Importance of Public Health Nursing

The goal of public health nursing is to help prevent disease, mitigate health risks in specific populations, and improve community health. As such, public health nurses can significantly impact the communities they serve, helping promote overall health and wellness. They may also advocate for underserved communities, removing barriers to care and working toward health equity and access.

In times of public health crises, such as pandemics, public health nurses also play vital roles in communities. For example, during the COVID-19 pandemic, public health nurses worked to educate their communities on disease transmission and hygiene practices and helped provide necessary resources for treatment and vaccination. Public health nurses will also play a critical role in future public crises that may arise.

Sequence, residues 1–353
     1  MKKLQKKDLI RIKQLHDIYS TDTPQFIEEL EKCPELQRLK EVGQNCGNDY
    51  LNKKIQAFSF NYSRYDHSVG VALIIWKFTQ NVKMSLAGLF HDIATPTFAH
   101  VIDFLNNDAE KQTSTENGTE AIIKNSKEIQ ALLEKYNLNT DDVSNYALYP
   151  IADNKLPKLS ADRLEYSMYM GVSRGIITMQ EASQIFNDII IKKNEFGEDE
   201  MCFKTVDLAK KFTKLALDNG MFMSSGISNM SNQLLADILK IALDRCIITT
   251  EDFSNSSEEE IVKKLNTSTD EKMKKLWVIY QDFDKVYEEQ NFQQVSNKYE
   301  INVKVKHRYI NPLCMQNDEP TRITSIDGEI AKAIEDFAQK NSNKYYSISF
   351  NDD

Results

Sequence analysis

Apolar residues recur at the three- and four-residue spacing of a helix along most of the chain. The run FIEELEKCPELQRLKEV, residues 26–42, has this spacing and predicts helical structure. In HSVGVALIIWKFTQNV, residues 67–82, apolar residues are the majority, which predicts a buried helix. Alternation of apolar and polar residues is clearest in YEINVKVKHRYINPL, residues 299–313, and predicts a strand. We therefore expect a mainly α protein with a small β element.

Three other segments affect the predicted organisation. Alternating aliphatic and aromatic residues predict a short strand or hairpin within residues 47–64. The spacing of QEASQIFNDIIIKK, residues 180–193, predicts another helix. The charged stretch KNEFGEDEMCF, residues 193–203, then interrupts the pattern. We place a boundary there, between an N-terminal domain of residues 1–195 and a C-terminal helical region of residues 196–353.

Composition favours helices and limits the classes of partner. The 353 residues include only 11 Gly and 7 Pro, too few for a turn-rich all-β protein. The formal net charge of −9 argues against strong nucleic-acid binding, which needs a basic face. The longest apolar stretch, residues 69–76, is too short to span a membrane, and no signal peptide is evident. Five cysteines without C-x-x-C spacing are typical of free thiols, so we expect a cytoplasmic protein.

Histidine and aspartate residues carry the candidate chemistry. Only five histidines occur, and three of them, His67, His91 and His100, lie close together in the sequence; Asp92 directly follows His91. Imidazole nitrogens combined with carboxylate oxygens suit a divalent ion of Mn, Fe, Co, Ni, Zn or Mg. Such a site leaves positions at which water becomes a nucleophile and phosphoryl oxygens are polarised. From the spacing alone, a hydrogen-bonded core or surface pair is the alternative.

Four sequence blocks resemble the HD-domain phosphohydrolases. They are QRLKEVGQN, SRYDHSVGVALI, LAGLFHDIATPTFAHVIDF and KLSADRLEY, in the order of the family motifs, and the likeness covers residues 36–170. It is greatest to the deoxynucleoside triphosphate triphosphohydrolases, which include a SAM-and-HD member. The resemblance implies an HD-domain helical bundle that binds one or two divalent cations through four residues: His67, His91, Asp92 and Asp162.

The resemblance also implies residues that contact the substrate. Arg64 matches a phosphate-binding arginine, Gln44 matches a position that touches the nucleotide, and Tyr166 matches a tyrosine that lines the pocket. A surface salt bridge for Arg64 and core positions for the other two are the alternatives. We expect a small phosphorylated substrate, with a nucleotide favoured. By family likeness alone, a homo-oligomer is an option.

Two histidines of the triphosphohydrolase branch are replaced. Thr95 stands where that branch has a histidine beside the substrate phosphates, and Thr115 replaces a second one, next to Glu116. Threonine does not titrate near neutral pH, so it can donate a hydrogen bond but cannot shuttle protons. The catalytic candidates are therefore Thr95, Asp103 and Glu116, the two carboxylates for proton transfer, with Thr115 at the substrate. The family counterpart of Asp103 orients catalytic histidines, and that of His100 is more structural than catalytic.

Discover Your RN to BSN Program

Looking to take the next step in advancing your career? With The University of Tulsa’s online RN to Bachelor of Science in Nursing (RN to BSN), RNs can take the first step toward becoming public health nurses. With a fast-track path to earning a BSN, our RN to BSN program makes it easy to pursue your educational goals while continuing to gain work experience in the nursing field.

Designed to build upon your existing knowledge, this program helps provide the experience and knowledge you need to transition into leadership roles. Learn more about our RN to BSN program and start your path to career advancement today.


American Public Health Association, About Public Health Nursing

Association of Public Health Nurses, What Is a PHN?

Indeed, Public Health Nursing vs. Community Health Nursing

Missouri Department of Health and Senior Services, Definition of Public Health Nursing

U.S. Bureau of Labor Statistics, Registered Nurses

Recommended Readings

Non-Bedside Nursing Jobs You Can Get With a BSN

Day Shift vs. Night Shift Nursing: Pros and Cons

International Travel Nursing: How to Work Abroad as a Nurse